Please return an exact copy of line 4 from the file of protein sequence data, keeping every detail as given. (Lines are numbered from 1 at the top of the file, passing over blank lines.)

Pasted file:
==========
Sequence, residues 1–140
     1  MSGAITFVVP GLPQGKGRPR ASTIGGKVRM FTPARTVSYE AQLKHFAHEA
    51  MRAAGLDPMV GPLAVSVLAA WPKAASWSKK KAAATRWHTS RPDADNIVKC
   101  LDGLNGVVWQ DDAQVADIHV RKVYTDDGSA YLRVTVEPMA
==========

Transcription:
   101  LDGLNGVVWQ DDAQVADIHV RKVYTDDGSA YLRVTVEPMA